On a cold November day, Arielle Ford (The Soulmate Secret) happened upon an image of a large, cracked Asian urn and noticed the gallery had highlighted the imperfection through lighting. This image accompanied an article on wabi sabi, "the ancient Japanese art form that finds beauty and perfection in imperfection," which inspired Ford to write Wabi Sabi Love, "the art and practice of loving the imperfections in ourselves and in our partners."
Wabi Sabi Love is a primarily a self-help book, as Ford gently guides readers to recognize their own imperfections through stories about actual couples--including Ford and her spouse as well as the Obamas--who have embraced the ways individual imperfection can lead to a more perfect union. Ford believes that lasting love must not only accept the foibles and idiosyncrasies of each partner, but embrace them as singular manifestations of the couple's love: "A key aspect of Wabi Sabi is learning to move our focus from what makes our partners so annoying to what makes our partners so unique." For example, one woman realizes as she is yet again cleaning up the trail of poppy seeds left on the kitchen floor by her husband's daily muffin that the absence of the seeds would mean the absence of her husband, and suddenly the seeds seem as insignificant as their size.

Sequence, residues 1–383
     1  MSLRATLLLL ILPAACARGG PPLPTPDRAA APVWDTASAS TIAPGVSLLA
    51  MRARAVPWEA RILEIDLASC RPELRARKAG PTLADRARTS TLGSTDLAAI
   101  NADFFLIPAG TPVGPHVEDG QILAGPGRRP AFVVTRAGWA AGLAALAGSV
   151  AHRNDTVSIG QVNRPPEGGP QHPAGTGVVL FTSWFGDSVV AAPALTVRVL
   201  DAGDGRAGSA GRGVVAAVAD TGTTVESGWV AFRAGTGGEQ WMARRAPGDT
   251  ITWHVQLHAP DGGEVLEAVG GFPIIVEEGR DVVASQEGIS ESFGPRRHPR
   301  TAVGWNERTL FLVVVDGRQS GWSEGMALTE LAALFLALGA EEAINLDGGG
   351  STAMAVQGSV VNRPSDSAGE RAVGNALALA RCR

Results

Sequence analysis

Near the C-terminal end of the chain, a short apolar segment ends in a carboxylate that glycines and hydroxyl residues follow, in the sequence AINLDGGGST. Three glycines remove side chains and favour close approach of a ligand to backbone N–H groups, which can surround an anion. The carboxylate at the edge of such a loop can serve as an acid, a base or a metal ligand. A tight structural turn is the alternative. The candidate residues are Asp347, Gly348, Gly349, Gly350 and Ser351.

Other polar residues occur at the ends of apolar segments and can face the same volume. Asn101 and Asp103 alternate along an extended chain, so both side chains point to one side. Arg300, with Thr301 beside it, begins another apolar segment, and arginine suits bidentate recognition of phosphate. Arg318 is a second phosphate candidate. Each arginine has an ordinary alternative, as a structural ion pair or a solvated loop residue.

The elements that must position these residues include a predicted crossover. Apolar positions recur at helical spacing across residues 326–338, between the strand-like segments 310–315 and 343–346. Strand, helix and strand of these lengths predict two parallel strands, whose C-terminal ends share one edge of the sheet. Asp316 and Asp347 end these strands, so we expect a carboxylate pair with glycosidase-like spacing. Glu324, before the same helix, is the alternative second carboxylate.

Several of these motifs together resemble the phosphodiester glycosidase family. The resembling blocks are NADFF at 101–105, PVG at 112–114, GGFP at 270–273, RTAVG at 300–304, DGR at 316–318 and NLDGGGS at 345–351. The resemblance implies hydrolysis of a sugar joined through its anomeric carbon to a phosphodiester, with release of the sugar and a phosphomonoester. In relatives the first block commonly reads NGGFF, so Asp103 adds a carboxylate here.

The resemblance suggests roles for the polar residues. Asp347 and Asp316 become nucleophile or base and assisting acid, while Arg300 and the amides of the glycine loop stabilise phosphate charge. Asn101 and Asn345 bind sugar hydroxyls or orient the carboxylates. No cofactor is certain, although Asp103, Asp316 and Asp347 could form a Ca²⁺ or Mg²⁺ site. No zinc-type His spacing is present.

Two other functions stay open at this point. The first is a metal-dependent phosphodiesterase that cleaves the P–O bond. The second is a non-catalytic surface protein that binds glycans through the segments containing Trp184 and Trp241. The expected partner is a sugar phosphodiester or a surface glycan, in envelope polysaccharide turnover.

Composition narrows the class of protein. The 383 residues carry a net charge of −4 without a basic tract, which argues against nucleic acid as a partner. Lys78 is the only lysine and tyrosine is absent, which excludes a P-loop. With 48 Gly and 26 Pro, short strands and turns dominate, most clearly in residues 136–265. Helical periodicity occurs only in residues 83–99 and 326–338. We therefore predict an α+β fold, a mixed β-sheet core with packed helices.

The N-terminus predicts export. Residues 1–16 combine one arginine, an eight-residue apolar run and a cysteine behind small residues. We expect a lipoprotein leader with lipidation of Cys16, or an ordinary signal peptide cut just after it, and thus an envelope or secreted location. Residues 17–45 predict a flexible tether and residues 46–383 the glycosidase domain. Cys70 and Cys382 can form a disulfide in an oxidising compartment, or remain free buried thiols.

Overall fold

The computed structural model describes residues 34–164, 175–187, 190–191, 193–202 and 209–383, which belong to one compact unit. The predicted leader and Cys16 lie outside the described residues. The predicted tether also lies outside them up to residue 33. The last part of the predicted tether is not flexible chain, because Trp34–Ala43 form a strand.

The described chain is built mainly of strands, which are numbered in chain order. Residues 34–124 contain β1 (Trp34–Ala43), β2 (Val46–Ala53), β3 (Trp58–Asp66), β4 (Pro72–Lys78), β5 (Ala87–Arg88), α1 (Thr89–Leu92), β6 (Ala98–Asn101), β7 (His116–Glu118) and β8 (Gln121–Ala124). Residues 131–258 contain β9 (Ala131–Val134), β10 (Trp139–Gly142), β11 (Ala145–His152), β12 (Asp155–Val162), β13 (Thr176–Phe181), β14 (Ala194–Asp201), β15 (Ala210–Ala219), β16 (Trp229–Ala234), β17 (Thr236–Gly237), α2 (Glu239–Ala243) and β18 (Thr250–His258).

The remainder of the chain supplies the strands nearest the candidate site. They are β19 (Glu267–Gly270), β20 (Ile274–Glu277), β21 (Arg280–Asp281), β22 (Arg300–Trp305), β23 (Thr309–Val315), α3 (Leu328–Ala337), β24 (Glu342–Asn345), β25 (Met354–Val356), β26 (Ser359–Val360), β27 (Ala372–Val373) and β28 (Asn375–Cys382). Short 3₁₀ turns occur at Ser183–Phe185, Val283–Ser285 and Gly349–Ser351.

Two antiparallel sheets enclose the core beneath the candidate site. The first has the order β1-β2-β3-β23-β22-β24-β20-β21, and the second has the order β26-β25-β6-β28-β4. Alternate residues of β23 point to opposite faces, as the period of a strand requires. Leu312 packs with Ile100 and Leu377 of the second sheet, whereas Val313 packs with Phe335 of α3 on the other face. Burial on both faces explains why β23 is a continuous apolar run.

At the end of most chapters, Ford provides exercises to help readers reconcile the daily irritations inherent in partnerships and embrace with gratitude what is most important: unconditional love. --Kristen Galles from Book Club Classics